ISSN Greetings

Maori Health Review

Making Education Easy Issue 48 – 2014

Maori Health Review

Developing an indigenous surgical workforce for Australasia

Authors: Aramoana J et al.

Summary: This literature review aimed to identify factors used to attract indigenous students into medical careers, interventions required to achieve graduation and factors that encourage entry into specialist training programmes and faculty appointments. All medical schools studied used elements of a ‘pipeline approach’ including secondary school contact to encourage aspirational goals and subject selection. Bridging courses are used to ensure students have appropriate skills before entering medical training and extensive practical help is provided. Elements required for primary medical qualification are also necessary for postgraduate achievement success (dedicated and focused study, development of appropriate skills, mentoring, support and institutional and collegial commitment).

Comment: It was fantastic to see the Hui for this particular topic – developing an indigenous surgical workforce – covered by Māori media last year. As the authors assert, a pipeline approach into and through medical schools is required.

Reference: ANZ J Surg. 2013;83(12):912-7


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Disclaimer: This publication is not intended as a replacement for regular medical education but to assist in the process. The reviews are a summarised interpretation of the published study and reflect the opinion of the writer rather than those of the research group or scientific journal. It is suggested readers review the full trial data before forming a final conclusion on its merits.

Research Review publications are intended for New Zealand health professionals.

Barriers to Maori sole mothers’ primary health care access

Authors: Lee R and North N

Summary: This qualitative exploratory study, employing general inductive techniques informed by a Kaupapa Māori approach, considered the access of seven Māori sole mothers’ to health services for personal health needs, particularly focussing on primary health care. The major barrier to health care access was cost. Additional barriers included compounding cost, transport difficulties, service location and scheduling. Child-related issues that acted as a barrier to access, included the prioritisation of children’s needs and childcare over personal health.

Comment: Barriers in access to primary health care are often described as single factors that may or may not interact with each other; and that, in the end, influence a person’s behaviour. However, this study puts the focus back on a system that creates and maintains those barriers.

Reference: J Prim Health Care 2013;5(4):315-21


‘It’s whanaungatanga and all that kind of stuff’: Maori cancer patients’ experiences of health services

Authors: Slater T et al.

Summary: This research examined the experience of cancer screening, diagnosis, treatment, survival and palliative care of 12 Māori patients and their whanau through semi-structured interviews to identify factors that facilitate or inhibit use of cancer care services. Key areas identified include the experience of support, continuity of care and the impact of financial and geographic constraints. In conjunction with interpersonal rapport, a more positive experience was facilitated by a long-term relationship with a primary health provider, suggesting that those with a ‘medical home’ are more satisfied with their care and report fewer service coordination problems.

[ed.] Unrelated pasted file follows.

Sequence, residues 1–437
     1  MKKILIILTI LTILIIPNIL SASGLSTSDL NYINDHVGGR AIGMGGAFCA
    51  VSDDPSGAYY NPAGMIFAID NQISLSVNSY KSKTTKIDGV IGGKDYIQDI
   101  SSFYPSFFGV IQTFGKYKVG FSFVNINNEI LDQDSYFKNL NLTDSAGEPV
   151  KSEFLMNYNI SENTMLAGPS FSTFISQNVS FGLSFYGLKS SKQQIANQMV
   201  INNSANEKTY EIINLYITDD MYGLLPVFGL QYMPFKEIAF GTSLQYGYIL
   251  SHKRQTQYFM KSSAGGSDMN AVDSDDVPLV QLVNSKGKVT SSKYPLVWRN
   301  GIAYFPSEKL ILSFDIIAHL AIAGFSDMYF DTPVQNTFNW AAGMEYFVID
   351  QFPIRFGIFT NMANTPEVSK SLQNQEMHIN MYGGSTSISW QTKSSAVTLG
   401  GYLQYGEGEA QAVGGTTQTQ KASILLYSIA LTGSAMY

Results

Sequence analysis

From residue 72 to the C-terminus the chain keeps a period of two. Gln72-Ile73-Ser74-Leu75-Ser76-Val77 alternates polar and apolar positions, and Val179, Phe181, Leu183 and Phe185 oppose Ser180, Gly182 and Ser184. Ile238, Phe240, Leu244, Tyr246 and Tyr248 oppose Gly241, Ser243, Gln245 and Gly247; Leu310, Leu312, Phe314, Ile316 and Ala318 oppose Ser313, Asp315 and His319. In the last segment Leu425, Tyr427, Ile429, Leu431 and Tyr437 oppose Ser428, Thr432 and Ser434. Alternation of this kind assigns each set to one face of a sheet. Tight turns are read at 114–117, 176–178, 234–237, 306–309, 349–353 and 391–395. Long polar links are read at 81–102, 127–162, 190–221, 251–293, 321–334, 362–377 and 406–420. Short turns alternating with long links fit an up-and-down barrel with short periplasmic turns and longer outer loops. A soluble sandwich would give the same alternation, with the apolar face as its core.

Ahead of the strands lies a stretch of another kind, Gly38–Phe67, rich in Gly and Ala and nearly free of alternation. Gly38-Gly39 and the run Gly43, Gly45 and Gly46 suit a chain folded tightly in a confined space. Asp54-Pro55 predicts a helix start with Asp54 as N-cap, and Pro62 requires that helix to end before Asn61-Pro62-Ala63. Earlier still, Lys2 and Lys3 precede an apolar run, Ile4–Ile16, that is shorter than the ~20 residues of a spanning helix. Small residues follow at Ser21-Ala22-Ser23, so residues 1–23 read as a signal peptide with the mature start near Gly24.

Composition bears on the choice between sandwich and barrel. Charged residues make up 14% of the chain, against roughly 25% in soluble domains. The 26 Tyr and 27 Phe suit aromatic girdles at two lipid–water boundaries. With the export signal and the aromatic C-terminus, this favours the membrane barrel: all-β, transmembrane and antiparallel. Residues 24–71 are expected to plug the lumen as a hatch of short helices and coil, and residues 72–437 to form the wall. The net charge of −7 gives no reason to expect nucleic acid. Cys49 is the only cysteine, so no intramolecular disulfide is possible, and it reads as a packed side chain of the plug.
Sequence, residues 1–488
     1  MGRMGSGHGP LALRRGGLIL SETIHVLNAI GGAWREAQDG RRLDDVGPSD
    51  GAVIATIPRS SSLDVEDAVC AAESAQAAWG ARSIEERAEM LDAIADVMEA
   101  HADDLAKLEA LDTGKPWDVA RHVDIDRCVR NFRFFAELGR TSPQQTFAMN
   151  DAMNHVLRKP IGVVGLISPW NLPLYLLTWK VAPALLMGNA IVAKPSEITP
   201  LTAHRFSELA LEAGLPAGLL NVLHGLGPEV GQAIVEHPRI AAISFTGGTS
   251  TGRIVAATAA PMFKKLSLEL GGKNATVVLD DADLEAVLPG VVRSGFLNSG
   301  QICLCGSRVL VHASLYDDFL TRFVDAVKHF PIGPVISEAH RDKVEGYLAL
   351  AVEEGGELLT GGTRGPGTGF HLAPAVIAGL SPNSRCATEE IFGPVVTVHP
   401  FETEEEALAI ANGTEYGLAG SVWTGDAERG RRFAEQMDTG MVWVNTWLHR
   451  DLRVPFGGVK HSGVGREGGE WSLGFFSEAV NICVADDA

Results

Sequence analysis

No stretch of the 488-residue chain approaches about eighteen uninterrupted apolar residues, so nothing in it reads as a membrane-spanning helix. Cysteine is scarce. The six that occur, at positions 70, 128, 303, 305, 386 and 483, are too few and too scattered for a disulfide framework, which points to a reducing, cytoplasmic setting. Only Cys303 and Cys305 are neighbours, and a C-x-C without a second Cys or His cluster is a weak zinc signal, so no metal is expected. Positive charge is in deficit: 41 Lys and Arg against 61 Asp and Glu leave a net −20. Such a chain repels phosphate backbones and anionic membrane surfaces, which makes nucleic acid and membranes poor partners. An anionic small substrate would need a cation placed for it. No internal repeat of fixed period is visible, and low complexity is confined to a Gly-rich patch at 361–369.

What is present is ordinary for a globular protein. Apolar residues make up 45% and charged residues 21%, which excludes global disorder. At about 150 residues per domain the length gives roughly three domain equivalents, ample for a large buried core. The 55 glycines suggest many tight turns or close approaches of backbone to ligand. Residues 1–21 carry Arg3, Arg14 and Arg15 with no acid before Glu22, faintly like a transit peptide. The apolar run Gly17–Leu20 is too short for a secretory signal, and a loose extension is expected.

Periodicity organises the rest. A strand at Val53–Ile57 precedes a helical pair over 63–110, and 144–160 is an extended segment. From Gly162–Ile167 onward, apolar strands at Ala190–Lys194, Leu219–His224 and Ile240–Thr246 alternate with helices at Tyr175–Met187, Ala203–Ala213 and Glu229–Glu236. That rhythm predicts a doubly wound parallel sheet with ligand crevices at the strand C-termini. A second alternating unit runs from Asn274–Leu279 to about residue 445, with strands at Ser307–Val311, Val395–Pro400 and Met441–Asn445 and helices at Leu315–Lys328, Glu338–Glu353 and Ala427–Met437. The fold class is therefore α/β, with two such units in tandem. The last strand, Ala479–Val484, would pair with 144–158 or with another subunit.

Comment: The experience of whanau with cancer has received little attention, despite the higher cancer rates, and ongoing calls to improve cancer care pathways for Māori. Māori health and primary care providers alike will hopefully use the information gained here to develop appropriate services.

Reference: J Prim Health Care 2013;5(4):308-14


Maori Health Review

Health and well-being of secondary school students in New Zealand: trends between 2001, 2007 and 2012

Authors: Clark T et al.

Summary: This analysis of data from three surveys between 2001 and 2012 aimed to describe indicators of wellbeing and health of secondary school students in New Zealand. Significant reductions (adjusted OR) between 2001 and 2012 were reported for cigarette use (0.27; 95% CI 0.23-0.32), alcohol use (0.39; 95% CI 0.33-0.46), marijuana use (0.37; 95% CI 0.31-0.43), sexual abuse (0.52; 95% CI 0.46-0.58), fighting (0.63; 95% CI 0.55-0.73), seatbelt use (1.47; 95% CI 1.31-1.65) and risky driving behaviours (0.39; 95% CI 0.33-0.45). There were also improvements (adjusted OR) in positive connections to school for variables including the perception that the school cares (1.22; 95% CI 1.10-1.35), liking school (1.55; 95% CI 1.33-1.82) and good family relationships (1.83; 95% CI 1.70-1.97). Parameters that failed to improve and were poor in comparison with international estimates were condom use at last sexual intercourse (adjusted OR 0.77; 95% CI 0.68-0.87), daily physical activity (0.88; 95% CI 0.78-0.99) and being overweight/obese (1.09; 95% CI 0.92-1.31). Other indicators that did not improve were exposure to family violence (adjusted OR 1.37; 95% CI 1.11-1.68) and depressive symptoms (1.03; 95% CI 0.91-1.17).

Comment: I was fortunate to attend the launch of the Māori Youth Health Survey Report in December 2013 and wish to commend the researchers for their determined efforts in this study, and Minister Turia for her speech at the event, where she provided a great analysis of the findings and what they mean for whanau. As the authors highlight, whilst there have been some outstanding improvements in youth health over the past decade, there is much still to be done.